I called Leslie the next weekend and asked if she could watch the girls( who were two and four) and she said “We’d love to”. I paused for a second, as I hadn’t imagined it as “we”, but went ahead and booked her anyway.
Then I started feeling really weird about having a man I had never met in the house with the girls without at least one of us being there. I know it isn’t fair. I am sure Dan is a lovely man and is as fabulous as described by the baby shower guests. I know that my apprehension is because I have watched too many Oprah child predator shows hoping to stave off the evil that is evidently lurking everywhere. I am fully aware that my over analysis of their praise of Dan was because of Gavin De Becker and his book “The Gift of Fear” in which he insists that we each honor that little feeling in our gut that tells us something isn’t quite right.
I called the friend that was the guest of honor at the shower, who has a girl the same age as Big. She vouched for Dan and said that her daughter loves him more than she likes Leslie. For some reason, this didn’t make me feel better. I ended up calling Leslie and telling her that my husband wasn’t comfortable with a man that he didn’t know babysitting the girls, regardless of the accolades. She seemed okay with it but I am sure thought we were crazy.
She watched them as planned, alone, and they had a great time. I overpaid her by accident, and we had meant to get together to rectify it but ended up chalking it up to the baby shower expenses and left it at that. I never called her back. I don’t really know why. It didn't feel right to have to politely request that she come alone again when I got the feeling she didn't really want to. The question is, was it me? Was it them? I will never know.
I think honoring one’s instincts is very tricky because the brain does not always agree with the gut. Rational thought is the enemy of basic instinct. I often wonder if my daily exposure (via the media) to the evils that are out there has tainted my ability to differentiate between what is valid and what is paranoid. I suppose I’d rather hurt someone’s feelings than have them harm my child because I second guessed my own initial response.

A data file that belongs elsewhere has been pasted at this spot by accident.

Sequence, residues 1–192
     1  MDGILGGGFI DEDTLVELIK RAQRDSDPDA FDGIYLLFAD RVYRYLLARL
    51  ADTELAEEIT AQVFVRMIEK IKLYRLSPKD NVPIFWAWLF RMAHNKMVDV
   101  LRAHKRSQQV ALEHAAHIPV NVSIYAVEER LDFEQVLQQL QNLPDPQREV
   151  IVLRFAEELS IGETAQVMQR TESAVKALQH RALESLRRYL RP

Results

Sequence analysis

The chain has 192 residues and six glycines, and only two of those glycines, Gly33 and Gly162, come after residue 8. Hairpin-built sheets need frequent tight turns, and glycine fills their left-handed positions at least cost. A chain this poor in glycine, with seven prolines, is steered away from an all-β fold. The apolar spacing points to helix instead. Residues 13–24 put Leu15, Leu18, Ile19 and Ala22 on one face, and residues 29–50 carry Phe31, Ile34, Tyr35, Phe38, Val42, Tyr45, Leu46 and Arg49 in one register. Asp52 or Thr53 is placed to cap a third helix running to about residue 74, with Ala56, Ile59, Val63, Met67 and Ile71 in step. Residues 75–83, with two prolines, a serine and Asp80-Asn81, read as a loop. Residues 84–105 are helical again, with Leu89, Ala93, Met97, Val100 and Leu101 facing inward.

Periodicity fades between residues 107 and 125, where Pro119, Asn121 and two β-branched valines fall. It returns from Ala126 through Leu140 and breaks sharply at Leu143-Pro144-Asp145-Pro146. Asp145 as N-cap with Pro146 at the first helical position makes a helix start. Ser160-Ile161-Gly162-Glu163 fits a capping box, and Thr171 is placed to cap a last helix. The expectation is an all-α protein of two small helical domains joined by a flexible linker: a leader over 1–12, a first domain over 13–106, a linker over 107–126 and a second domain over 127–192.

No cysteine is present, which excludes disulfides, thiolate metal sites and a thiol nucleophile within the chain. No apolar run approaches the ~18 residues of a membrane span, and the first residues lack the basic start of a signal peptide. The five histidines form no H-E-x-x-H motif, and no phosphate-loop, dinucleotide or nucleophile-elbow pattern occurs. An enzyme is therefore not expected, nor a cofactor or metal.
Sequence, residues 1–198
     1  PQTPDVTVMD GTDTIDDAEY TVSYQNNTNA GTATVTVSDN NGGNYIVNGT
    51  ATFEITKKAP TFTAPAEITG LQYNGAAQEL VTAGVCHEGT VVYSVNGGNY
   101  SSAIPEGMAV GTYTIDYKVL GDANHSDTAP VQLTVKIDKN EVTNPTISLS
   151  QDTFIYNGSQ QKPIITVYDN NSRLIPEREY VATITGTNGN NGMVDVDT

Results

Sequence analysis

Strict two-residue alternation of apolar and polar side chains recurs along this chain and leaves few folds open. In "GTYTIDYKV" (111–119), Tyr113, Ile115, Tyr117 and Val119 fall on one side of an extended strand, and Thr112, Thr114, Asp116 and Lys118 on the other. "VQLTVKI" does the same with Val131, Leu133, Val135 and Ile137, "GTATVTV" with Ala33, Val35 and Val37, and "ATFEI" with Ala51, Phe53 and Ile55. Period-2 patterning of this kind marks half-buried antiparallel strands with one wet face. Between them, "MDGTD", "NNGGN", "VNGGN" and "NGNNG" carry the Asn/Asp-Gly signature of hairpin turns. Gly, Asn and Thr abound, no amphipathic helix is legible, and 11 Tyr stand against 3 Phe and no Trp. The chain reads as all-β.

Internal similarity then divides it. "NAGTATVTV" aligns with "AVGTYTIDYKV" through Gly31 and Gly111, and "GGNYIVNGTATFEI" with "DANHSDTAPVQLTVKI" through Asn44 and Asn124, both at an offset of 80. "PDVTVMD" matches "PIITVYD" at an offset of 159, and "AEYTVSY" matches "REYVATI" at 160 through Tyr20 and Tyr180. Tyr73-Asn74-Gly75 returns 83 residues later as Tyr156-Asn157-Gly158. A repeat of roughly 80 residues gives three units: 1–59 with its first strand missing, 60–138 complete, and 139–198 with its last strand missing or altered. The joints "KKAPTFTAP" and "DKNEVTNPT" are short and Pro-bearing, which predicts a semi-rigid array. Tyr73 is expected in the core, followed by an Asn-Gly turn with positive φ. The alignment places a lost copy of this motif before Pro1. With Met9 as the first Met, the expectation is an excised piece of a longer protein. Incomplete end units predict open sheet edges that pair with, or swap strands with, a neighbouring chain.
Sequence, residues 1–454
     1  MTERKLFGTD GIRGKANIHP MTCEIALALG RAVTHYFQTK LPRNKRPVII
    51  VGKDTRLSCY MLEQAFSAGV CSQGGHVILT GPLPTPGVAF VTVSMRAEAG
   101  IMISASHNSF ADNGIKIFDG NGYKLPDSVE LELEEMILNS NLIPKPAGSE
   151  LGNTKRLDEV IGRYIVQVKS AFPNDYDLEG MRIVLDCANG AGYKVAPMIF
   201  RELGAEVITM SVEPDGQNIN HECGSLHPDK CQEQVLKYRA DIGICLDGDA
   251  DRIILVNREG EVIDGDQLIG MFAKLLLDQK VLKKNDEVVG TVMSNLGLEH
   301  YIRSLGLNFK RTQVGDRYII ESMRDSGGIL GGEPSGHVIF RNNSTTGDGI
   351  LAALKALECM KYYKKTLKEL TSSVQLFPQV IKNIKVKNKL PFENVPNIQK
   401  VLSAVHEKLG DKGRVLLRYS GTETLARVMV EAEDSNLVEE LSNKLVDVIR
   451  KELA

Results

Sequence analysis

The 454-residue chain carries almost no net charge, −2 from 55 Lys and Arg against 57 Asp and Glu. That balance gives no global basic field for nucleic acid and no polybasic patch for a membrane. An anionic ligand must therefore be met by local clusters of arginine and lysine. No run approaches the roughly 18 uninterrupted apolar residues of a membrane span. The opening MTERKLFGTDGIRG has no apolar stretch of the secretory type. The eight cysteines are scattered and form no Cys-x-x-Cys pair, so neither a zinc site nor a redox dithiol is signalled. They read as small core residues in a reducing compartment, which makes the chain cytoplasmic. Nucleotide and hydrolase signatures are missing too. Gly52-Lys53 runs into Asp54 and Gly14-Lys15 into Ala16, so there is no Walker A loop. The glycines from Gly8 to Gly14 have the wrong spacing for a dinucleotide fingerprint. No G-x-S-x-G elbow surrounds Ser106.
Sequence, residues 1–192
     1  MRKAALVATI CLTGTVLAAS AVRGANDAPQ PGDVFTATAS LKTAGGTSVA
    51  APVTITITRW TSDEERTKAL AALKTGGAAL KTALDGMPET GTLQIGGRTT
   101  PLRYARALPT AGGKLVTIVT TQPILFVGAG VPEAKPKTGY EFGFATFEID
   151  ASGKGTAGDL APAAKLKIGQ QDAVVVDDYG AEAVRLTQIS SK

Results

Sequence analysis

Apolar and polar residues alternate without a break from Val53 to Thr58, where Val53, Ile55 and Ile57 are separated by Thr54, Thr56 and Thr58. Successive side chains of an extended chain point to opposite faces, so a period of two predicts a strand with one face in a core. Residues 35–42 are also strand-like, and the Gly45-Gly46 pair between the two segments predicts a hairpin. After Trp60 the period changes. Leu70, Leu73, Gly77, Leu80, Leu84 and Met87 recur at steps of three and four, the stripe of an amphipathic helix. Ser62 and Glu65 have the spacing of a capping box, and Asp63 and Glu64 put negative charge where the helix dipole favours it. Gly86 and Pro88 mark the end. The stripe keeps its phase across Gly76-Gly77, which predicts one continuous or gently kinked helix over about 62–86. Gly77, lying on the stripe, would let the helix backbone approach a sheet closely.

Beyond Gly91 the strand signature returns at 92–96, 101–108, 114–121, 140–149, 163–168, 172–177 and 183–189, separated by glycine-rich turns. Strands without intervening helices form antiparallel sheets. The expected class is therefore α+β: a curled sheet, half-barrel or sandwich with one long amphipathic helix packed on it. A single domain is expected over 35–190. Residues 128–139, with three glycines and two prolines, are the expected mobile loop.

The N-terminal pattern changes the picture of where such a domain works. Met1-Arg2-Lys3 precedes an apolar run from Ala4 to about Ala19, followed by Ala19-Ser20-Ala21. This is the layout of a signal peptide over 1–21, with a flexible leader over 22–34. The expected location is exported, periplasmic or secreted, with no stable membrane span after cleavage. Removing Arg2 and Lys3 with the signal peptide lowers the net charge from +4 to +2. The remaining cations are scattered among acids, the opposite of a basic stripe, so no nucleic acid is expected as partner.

But it gets complicated.
I have been down this road before.
Before Little was born,  Big went to a gym class in West Hollywood. It was what everyone did with kids under two, so we went weekly and sang and played with balls and did quasi gymnastics. The teachers were nice enough young women, but the whole scene felt a little unnatural for some reason that I could never put my finger on. I think when you group a bunch of parents( mostly nannies) together with really little kids, the dynamic is often kind of chaotic. The kids are like pinballs, and every time they don’t do the activity like they are “supposed" to, the caregiver feels like their kid is somehow deficient.
Anyway, we had been going for a few months, and one day we arrived and there was a different teacher. His name was Chuck, and he was tall and nice looking with longish hair. I pegged him for an actor, and someone told me that he was the owner’s son. It seemed like a good idea to have a guy for a change, and, as we lined up to do the obstacle course, Chuck took his place at the last obstacle, and was going to spot the kids while they slid down the inclined mat to the floor.
Big did the balance beam. She climbed across the bridge.She swung on the rope. She was having a blast.As soon as she got to the bottom of the incline to climb up to where Chuck was standing and slide down, she froze. She started backing away and whining. It was as if a Rottweiler had poked his head up from behind the mat. She wanted nothing to do with climbing or sliding or Chuck. We walked away and waited for the next exercise.
I didn’t feel the need to push her- she was eighteen  months old for God’s sake. She seemed fine to continue with the next activity, so we lined up to do the rope ride. They had a track with a pulley and an attached  loop,  and the kids would hold on to loop and slide through the air back and forth while the teachers spot them. We watched a few of the kids try it. Chuck spotted from underneath, which meant he sometimes had to hold the kid up the entire way across because they hadn’t grasped the concept of “hold on tight” yet. Again, when our turn came, she bucked a writhed and tried to squirm away. This time I tried to gently push her to try it. The closer we got to Chuck, the more she freaked out so I walked away again. I actually got her hands onto the loop, but the minute he approached she let out a scream .We walked away. She had one more episode when he walked by us on the way out and the class was over. Twenty bucks down the drain. I let it go and figured that we would get back on track next week.